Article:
The Rev. Christana Wille McKnight wrote a guest post on the uugrowth blog and presented a workshop on the subject at GA 2010. I wasn't there, but I saw the slideshow from the presentation. It included a recommendation that we "Educate clergy, membership professionals and lay leaders about appropriate methods of integrating and welcoming raised UUs as adult members."
I vented recently on this subject and received some comments wanting to know more about being a raised UU. I've written before about all the great things about being reared UU, so, okay. Time to give a little of the other side.
First, a little bit about some of the negative that I've seen or heard about we "Cradle UUs" as adults. Let me preface this by saying that though this is irritating when it surfaces, it's thankfully not a widespread issue, certainly nothing that I would consider to be a prejudice. But it's popped up enough to prompt me to stand up and say, "Please do not continue."
What does it look like? It looks like the people on the UU discussion lists (and even in a UU seminary class!) who say that they just don't have as much respect for those born UU -- they didn't have to work as hard to get here.
It looks like the curricula and surveys that assume anyone taking them came from another religion.
It looks like a minister who begins a sermon at a UU function with, "Everyone who was raised UU, please raise your hand." Several of us do so. Minister scans room and then says, "Me neither."
Ha, ha. Yes, I get the joke. But the message is, "I don't see you. You are not one of us. You are not a significant part of this religion."
The sermon continues, talking about how brave one must be to find this religion. And I completely agree.
What is also brave is the kindergartener who is continually told that they are going to hell by their classmates.
The middle schooler who continues to patiently try and explain their religion to their friends.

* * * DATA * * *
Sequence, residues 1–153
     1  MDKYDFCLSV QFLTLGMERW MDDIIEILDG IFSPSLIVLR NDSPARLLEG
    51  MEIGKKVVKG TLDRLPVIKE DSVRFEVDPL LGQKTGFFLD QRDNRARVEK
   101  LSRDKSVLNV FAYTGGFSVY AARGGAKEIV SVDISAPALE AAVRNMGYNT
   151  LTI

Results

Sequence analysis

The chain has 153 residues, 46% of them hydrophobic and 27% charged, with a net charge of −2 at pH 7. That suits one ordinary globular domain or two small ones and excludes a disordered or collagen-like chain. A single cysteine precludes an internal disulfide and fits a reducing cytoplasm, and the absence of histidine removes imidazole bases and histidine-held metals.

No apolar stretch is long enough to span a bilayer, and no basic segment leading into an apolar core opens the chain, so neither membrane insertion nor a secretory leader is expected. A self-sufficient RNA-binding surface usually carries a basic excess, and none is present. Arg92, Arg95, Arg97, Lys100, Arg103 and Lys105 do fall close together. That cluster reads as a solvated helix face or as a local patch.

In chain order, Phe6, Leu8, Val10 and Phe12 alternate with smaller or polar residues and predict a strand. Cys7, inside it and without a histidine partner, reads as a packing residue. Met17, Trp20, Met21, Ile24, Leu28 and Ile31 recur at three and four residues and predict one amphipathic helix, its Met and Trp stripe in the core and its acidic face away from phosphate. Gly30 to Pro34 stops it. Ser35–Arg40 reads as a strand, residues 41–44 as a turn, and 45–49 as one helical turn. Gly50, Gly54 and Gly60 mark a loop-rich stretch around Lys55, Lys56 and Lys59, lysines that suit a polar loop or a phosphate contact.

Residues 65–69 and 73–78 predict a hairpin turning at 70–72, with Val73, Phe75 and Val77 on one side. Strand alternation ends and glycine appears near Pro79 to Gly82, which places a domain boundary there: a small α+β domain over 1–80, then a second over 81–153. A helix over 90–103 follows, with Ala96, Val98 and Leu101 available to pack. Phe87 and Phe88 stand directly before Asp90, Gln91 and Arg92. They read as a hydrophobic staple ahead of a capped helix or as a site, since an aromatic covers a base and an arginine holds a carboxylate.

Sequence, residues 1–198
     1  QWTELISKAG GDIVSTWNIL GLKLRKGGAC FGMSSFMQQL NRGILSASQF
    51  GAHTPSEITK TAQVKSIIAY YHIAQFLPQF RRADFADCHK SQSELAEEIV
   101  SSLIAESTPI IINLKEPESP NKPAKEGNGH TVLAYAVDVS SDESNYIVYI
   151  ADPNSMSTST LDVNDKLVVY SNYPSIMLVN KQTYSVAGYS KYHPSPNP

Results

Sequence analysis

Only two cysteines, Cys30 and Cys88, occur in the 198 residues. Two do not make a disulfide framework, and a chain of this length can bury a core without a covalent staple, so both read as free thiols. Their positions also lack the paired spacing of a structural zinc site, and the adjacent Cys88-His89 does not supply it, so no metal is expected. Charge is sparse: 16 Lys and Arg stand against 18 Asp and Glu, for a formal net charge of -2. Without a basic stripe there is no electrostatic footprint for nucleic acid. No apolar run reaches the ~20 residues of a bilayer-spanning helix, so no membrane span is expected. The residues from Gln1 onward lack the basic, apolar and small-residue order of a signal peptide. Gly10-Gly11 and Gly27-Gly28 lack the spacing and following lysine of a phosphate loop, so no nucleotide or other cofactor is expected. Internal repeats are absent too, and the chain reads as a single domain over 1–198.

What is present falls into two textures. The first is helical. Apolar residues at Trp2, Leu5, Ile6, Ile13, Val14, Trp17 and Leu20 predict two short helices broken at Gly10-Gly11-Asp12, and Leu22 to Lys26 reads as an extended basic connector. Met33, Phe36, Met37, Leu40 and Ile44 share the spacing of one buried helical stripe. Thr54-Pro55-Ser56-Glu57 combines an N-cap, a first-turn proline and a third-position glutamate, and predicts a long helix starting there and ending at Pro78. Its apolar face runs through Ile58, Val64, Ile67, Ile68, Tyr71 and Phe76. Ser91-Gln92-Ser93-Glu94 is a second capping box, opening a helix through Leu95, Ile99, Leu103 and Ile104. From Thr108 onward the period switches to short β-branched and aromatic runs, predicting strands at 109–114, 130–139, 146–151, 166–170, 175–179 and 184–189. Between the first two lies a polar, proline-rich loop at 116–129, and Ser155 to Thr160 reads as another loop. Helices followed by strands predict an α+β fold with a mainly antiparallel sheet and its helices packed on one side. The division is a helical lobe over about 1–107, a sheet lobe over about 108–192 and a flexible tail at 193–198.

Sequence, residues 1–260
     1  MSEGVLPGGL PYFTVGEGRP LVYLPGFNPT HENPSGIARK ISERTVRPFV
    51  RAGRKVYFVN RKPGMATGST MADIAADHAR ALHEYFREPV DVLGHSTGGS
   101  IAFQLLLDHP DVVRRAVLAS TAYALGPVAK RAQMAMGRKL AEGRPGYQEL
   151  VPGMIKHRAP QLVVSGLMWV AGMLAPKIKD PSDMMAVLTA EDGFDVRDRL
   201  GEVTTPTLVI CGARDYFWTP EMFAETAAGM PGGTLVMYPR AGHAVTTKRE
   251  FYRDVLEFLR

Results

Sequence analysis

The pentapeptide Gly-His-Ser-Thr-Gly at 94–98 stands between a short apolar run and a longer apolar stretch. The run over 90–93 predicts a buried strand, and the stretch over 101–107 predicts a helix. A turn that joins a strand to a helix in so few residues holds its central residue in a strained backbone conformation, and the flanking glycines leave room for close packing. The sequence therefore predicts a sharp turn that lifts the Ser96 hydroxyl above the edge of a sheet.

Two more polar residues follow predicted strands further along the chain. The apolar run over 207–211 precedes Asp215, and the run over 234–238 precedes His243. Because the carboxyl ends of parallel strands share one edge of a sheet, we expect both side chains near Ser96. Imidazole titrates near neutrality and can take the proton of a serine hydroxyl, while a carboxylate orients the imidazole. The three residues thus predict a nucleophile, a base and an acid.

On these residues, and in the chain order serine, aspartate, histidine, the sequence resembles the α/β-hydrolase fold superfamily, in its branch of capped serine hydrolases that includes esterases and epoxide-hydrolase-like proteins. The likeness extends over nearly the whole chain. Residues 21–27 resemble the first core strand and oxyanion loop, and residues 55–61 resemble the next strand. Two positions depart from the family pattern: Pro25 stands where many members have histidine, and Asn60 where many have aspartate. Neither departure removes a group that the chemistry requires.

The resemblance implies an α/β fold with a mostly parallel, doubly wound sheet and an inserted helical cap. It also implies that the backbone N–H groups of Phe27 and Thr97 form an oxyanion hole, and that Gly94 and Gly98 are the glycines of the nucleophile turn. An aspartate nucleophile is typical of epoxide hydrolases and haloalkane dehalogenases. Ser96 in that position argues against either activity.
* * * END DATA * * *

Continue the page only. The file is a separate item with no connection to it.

We are called a chosen faith. Here's the dill, pickles. Even if you are raised Unitarian Universalist, this is a chosen faith. Because we have been raised to go out into the world, explore it, explore our theological beliefs, and make a choice. With my generation, frankly, I think our parents went a little too far with that. "She can choose her religion when she grows up," was a statement heard far too often. Well, of course your child can choose a religion as an adult. Everyone can. But sometimes our religious education was a little too heavy on preparing us to make this choice and a little too light on Unitarian Universalism as a way of life.
I'm thrilled that our modern religious education is rectifying that error.
So you've been raised in this religion. I heard Gini Courter (raised UU) talk about how the one aspect of coming out as a lesbian that was no big deal was the "you're going to hell" part, because she'd already been hearing that one since kindergarten anyway!
In your own way, you've been fighting for religious freedom your whole life. Explaining it, to kids, teachers, scout leaders, who asked you "What the heck is that?" Trying to understand why Susie's mom won't let you come over anymore or the Smith family won't let you babysit. Watching your friends have bar mitzvah parties, receive special Confirmation gifts from grandpa, birthday money from godparents.
You're a young adult, and you go to a UU church ... but you were always in the basement with the youth group, so the service is unfamiliar to you.
You visit other churches as you were trained to do. Try different religions on for size.
You realize that being a Unitarian Universalist is not just a system of belief. Not just a covenant. It is part of your identity.
You come to church. And the religious authority in the front says, "Who was raised UU?" Excited, you raise your hand.
"Me neither," he says.